Evidently, Oct. 5 was declared Pulpit Freedom Sunday in order to spur a civil protest.
The idea was to encourage pastors to take sides politically from the pulpit, which would violate current laws restricting religious nonprofits from electioneering. In addition, this paper published a letter to the editor encouraging pastors to preach politics from their pulpits.
Silly me, I missed the whole thing! That Sunday, I preached a regular old sermon from the Bible about how to make it through discouraging times. Boy, am I out of touch.
Anyway, I’m sad to announce I won’t be endorsing a candidate in the upcoming governor’s race. Yes, I can sense your disappointment. You’re wondering, “How in the world are we all supposed to decide without knowing what Dave thinks?”
And just to be clear, we’re supposed to choose between the bald guy from Naples versus the white-haired guy. Right?
Seriously, I do vote. I have informed political opinions, and I do resent tactics used by groups like the American Civil Liberties Union to intimidate pastors. I didn’t give up my right to free speech when I joined the ministry. I indeed have the right to express an opinion, and I do so regularly on issues of morality. I have preached on the human rights of the unborn and the tragedy of abortion. (FYI, my email address is at the end of this article. Feel free to send the hate mail now).
Also, I will remind my congregation of the devastating impact of poverty. But I believe things won’t improve until we begin individually helping to change lives, rather than just voting for generic “change.” I did a whole sermon series recently on volunteering and making a difference in the world. As a result, many of our folks are now attending foster parenting classes, helping a battered women’s shelter, and going overseas with Doctors Without Borders, among other things.
So it’s not that I’m afraid to speak out. I’m simply not that interested in preaching politics. While I’ve seen the Gospel of Christ change lives, most politics is little more than talk. I’m so tired of hearing promises and good intentions. I’d rather cut out the middle man and find some folks who are ready to help in ways God commanded us.
Another problem with political preaching is when pastors support a candidate, it sends the message that only people of that party are welcomed in that church. My calling is not only to Republicans or Democrats — my flock contains people across the spectrum. While there are times when I would like to express my own views, I would rather use that influence to lead someone to Christ than convert them politically.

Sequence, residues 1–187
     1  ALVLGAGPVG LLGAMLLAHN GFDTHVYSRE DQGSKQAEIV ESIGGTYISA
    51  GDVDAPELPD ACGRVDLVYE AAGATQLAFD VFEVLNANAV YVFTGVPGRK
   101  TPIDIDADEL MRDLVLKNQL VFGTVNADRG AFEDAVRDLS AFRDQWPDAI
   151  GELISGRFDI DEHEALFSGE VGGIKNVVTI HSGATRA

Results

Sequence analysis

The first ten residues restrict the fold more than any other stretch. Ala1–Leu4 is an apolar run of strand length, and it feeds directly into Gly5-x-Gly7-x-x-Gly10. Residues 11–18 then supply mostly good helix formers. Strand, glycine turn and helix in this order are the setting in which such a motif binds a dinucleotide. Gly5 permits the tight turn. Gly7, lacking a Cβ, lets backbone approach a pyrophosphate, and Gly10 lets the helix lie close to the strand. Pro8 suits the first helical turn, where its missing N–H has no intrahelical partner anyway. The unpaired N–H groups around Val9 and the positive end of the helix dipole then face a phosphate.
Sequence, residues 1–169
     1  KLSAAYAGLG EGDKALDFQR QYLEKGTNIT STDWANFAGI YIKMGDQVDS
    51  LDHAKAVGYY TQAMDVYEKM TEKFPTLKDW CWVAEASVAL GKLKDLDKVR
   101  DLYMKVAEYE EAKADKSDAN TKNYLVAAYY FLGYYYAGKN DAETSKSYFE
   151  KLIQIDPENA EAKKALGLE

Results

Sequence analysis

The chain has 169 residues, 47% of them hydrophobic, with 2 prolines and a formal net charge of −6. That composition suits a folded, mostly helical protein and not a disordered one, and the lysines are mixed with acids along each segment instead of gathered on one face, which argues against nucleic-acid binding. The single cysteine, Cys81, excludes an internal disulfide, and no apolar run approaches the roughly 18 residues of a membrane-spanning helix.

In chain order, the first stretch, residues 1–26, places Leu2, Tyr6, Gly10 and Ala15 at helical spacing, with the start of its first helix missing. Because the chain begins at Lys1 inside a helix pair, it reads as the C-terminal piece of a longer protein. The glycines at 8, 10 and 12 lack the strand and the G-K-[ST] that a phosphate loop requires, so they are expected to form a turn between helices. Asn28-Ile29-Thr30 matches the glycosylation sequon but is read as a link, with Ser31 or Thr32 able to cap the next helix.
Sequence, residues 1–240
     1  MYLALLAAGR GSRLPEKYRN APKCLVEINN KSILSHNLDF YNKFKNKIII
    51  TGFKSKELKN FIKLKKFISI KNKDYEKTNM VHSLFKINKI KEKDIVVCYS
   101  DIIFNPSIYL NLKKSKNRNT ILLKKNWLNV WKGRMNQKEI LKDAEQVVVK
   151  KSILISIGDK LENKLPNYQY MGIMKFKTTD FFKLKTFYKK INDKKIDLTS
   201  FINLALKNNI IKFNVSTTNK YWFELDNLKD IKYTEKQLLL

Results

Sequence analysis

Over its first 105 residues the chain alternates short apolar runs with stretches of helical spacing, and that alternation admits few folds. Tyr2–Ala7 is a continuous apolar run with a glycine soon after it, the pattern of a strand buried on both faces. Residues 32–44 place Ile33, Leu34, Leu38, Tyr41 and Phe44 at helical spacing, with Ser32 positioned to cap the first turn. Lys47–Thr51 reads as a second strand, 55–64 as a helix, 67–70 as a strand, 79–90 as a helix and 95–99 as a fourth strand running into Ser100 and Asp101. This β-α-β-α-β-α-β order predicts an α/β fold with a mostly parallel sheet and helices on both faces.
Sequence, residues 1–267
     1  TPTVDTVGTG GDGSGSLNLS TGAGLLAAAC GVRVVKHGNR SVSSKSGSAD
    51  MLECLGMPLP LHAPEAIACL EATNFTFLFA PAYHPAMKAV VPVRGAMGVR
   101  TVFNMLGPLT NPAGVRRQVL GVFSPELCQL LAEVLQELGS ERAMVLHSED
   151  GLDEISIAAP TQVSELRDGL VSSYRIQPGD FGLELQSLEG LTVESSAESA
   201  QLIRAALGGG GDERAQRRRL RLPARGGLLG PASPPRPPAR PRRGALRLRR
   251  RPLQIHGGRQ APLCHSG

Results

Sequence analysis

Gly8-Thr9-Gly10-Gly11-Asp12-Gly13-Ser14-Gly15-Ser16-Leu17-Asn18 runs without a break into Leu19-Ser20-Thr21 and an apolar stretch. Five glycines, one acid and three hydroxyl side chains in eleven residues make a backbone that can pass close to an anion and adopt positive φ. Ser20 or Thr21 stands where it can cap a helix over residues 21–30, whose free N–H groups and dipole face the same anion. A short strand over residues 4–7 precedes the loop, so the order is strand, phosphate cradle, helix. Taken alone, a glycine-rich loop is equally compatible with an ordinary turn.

I believe introducing you to Jesus will do a lot more for you than introducing you to Mr. Crist or Mr. Scott. They do not quite have the powers of a Supreme Being … despite what their TV ads may claim.
Frankly, it’s sad how many Christians believe political reform is the key to bringing “spiritual revival” to our country. Why would God bless such idolatry? In 2 Chronicles 7:14, God never said “If the government” will turn back to me, I’ll heal your land. He said, “If my people…”!
Funny thing about that Chronicles passage is God isn’t calling on all the non-believers to repent. He specifically calls out “His people.” That’s because we are the reason this nation is really in trouble. God called us to be the “salt and light” to a dark world, working as agents of His change. That’s what’s truly missing — not political talk from pulpits, but the spiritual actions of God’s people.
This is the sermon I wish more pastors would preach to their congregations — “Get out!” Get out of the church building and do something. Stop hiding behind these walls and meet the needs of hurting people. And quit thinking all God wants you to do is flip a lever on election day.
That sermon, the one believers preach with their lives, is the one desperately needed. So let’s start preaching!